Loaded with all the features you’d expect from a capable Audacity alternative, Ocenaudio is a solid cross-platform audio editor software. Its most important feature is the real-time preview of audio effects, which makes fine-tuned audio processing possible. In addition, the multi-selection tool lets you select multiple parts of an audio file and edit/apply effects to them. Ocenaudio even has an advanced memory management system that makes it easy to edit large sized files for longer durations, without causing them to get corrupted. You also get spectrum analysis, support for VST plug-ins, and more.

Platform Availability: Windows and macOS

Pricing: Free


3. Wavosaur

At under 1 MB in size, Wavosaur is probably the lightest audio editor out there. But despite being minuscule, it packs in quite a punch. Wavosaur’s multi-document interface lets you edit more than one files in one session, and all standard editing functions (e.g. trim, insert silence) are available. Its batch processing mode makes it easy to apply VST effects to an entire folder of audio files, and you can also record audio from your PC’s sound-card input. Wavosaur can even export files as text for using them in software programs like MATLAB and Excel. In addition, it can be triggered by external MIDI controllers, and features ASIO support as well.

Platform Availability: Windows 

Pricing: Free


4. Sound Forge Audio Studio

Coming from Sony, one of the pioneers in the field of audio, Sound Forge Audio Studio is an extremely powerful audio editor program. It supports audio capture with resolutions as high as up to 24-bit/192 kHz, and its studio quality signal and effect processing tools (with over 30 built-in processors) let you bring out the best in your audio recordings. Sound Forge Audio Studio fully supports VST plug-ins, and can process files larger than 4 GB in size. Other useful features include vinyl recording and restoration, automatic file mixing and conversion, and of course, real-time non-destructive editing.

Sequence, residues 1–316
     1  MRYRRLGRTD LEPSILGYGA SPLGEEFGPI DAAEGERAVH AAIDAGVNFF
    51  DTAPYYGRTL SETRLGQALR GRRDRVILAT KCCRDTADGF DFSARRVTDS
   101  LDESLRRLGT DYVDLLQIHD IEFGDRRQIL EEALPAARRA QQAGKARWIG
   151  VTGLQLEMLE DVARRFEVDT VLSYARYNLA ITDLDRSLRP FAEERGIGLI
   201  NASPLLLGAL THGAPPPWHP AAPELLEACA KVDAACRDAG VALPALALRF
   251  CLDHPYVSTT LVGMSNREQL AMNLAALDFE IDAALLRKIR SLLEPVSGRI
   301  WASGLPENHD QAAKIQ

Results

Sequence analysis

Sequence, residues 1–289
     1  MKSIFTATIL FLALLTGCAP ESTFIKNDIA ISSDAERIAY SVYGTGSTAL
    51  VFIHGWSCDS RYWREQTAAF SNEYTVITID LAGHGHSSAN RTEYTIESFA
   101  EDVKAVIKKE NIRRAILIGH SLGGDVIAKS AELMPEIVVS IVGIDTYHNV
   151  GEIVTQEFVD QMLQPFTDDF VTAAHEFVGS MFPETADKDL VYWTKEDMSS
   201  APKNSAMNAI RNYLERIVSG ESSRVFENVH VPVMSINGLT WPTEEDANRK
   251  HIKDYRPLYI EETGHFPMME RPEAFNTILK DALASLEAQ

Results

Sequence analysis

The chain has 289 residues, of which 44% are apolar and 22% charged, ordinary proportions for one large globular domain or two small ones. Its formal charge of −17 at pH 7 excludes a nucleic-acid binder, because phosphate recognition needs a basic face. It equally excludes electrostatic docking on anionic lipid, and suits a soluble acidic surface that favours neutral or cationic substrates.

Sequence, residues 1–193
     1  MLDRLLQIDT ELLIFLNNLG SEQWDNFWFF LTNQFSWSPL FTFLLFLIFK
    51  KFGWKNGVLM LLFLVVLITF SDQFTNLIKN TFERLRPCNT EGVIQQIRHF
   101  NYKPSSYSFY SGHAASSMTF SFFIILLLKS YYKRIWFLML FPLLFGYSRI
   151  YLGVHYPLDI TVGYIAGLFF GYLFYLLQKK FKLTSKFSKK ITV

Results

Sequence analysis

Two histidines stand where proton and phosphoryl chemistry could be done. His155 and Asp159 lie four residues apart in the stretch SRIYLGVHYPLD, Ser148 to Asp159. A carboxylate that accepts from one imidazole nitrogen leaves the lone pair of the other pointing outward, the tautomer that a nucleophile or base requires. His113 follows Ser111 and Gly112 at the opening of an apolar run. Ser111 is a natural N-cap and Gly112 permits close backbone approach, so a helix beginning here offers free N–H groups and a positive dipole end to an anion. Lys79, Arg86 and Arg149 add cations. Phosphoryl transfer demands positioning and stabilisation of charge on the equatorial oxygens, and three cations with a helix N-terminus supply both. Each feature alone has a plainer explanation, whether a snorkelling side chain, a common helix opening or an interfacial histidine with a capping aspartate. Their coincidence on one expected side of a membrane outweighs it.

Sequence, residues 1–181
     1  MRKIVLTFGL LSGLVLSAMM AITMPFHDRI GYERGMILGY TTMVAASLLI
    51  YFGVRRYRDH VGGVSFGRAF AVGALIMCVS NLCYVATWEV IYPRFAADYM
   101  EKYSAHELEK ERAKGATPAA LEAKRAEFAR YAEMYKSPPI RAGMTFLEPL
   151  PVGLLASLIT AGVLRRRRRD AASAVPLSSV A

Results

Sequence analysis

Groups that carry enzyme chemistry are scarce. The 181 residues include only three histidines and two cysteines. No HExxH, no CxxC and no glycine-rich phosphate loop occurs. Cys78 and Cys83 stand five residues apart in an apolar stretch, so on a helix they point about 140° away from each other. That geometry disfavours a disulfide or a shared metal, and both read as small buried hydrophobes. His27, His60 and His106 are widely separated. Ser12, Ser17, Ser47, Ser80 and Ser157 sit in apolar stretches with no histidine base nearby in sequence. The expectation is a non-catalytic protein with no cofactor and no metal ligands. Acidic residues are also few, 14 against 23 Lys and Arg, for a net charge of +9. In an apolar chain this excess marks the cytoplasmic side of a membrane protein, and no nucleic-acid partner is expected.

Platform Availability: Windows 

Pricing: $59.95, Free trial available


5. AudioDope

It might not be the most feature-loaded of the bunch, but as a lightweight Audacity alternative, AudioDope works extremely well. It lets you edit all or some parts of audio files, and further modify them separately with the many audio effects available. AudioDope includes almost all regular audio processing effects (flanger, phaser, chorus etc.), and processes (e.g. DC offset correction, normalization, and Sound 3D). It also has a collection of built-in tools such as frequency analyzer, and tone generator. AudioDope supports VST plug-ins, and can create ringtones from audio files as well.

Platform Availability: Windows

Pricing: Free


6. Avid Pro Tools